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Zustand and React Context

ReactJs, React Context, State Management, Zustand4 min read

The zustand bear logo sitting under an arch
Photo by Ivan Aleksic
  • #1: Working with Zustand
  • #2: Zustand and React Context
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Zustand is a great lib for global client-state management. It's simple, fast, and has a small bundle size. There is however one thing I don't necessarily like about it:

The stores are global.

Okay? But isn't that the point of global state management? To make that state available in your app, everywhere?

Sometimes, I think that's true. However, as I've looked at how I've been using zustand over the last couple of years, I've realized that more often than not, I've needed some state to be available globally to one component subtree rather than the whole application. With zustand, it's totally fine - encouraged even - to create multiple, small stores on a per-feature basis. So why would I need my Dashboard Filters store to be available globally if I only need it on the Dashboard route? Sure, I can do that when it doesn't hurt, but I've found that having global stores do have a couple of drawbacks:

Initializing from Props

Global stores are created outside of the React Component lifecycle, so we can't initialize the store with a value we get as a prop. With a global store, we need to create it first with a known default state, then sync props-to-store with useEffect:

1const useBearStore = create((set) => ({
2 // ⬇️ initialize with default value
3 bears: 0,
4 actions: {
5 increasePopulation: (by) =>
6 set((state) => ({ bears: state.bears + by })),
7 removeAllBears: () => set({ bears: 0 }),
8 },
11const App = ({ initialBears }) => {
12 //😕 write initialBears to our store
13 React.useEffect(() => {
14 useBearStore.set((prev) => ({ ...prev, bears: initialBears }))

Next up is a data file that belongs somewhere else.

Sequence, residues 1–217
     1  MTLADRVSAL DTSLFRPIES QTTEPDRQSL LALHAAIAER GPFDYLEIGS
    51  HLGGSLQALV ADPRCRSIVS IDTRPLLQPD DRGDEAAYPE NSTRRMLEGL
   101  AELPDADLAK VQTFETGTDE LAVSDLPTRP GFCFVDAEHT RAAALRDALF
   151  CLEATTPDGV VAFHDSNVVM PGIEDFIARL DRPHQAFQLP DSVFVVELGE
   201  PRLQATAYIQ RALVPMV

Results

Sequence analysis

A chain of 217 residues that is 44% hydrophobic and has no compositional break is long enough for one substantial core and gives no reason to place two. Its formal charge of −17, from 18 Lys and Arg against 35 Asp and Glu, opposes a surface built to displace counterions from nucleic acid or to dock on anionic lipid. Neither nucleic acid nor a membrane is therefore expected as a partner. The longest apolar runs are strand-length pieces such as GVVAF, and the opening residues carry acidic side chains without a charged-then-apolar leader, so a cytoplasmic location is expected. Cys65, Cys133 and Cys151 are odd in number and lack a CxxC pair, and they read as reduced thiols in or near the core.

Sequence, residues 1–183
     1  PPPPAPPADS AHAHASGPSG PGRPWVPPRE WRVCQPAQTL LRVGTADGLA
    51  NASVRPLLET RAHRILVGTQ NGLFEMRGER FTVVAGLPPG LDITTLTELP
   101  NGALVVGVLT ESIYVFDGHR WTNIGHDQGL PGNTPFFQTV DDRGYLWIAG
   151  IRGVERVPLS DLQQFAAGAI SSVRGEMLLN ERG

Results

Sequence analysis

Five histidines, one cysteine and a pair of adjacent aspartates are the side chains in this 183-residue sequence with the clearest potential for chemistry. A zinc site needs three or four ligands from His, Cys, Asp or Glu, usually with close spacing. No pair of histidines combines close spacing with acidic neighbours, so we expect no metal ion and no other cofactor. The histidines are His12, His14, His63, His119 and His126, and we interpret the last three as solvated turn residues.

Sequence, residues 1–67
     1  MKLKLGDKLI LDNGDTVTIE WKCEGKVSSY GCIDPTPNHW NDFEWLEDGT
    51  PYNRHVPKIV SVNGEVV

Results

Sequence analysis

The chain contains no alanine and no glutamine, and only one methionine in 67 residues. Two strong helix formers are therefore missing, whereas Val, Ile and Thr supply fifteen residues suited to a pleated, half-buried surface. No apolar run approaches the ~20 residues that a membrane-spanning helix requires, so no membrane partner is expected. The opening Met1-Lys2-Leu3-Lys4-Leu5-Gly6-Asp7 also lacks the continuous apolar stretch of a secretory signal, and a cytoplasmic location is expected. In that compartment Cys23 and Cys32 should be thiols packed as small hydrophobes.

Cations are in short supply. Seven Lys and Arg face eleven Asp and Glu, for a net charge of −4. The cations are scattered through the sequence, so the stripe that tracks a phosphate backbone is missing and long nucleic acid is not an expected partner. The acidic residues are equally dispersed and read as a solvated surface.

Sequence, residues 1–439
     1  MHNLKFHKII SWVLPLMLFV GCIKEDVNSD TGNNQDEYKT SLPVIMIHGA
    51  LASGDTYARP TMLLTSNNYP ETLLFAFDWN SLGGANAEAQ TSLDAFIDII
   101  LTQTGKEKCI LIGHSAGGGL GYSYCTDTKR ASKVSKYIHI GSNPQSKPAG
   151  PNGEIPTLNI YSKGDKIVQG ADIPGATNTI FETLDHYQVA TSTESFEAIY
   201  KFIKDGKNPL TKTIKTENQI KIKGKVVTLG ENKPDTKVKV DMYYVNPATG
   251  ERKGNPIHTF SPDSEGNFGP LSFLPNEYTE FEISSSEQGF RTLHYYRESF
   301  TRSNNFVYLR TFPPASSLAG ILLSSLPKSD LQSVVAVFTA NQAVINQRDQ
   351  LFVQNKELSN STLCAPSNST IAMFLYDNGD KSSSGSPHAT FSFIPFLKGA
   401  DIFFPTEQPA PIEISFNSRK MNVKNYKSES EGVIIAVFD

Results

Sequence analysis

15 }, [initialBears])
17 return (
18 <main>
19 <RestOfTheApp />
20 </main>
21 )

Apart from not wanting to write useEffect, this isn't ideal for two reasons:

  1. We first render <RestOfTheApp /> with bears: 0 before the effect kicks in, then render it once more with the correct initialBears.
  2. We don't really initialize our store with initialBears - we sync it. So if the initialBears change, we will see the update reflected in our store as well.


I find the testing docs for zustand pretty confusing and complex. It's all about mocking zustand and resetting the store between tests and so on. I think it all stems from the fact that the store is global. If it were scoped to a component subtree, we could render those components and the store would be isolated to it, not needing any of those "workarounds".


Not all stores are singletons that we can use once in our App or once in a specific route. Sometimes, we want zustand stores for reusable components as well. One example from the past I can think of is a complex, multi-selection group component from our design-system. It was using local state passed down with React Context to manage the internal state of the selections. It became sluggish whenever an item was selected as soon as there were fifty or more items. It's what made me write this tweet:

Avatar for TkDodo
Dominik 🔮

🕵️We've fixed a huge performance problem this week by moving useState + context over to zustand. It was the same amount of code. The lib is < 1kb.

⚛️Don't use context for state management. Use it for dependency injection only. The right tool for the job!

- Feb 19, 2022

If such a zustand store would be global, we couldn't instantiate the component multiple times without also sharing and overwriting each other's state.

Interestingly, there is a single way to fix all of these problems:

React Context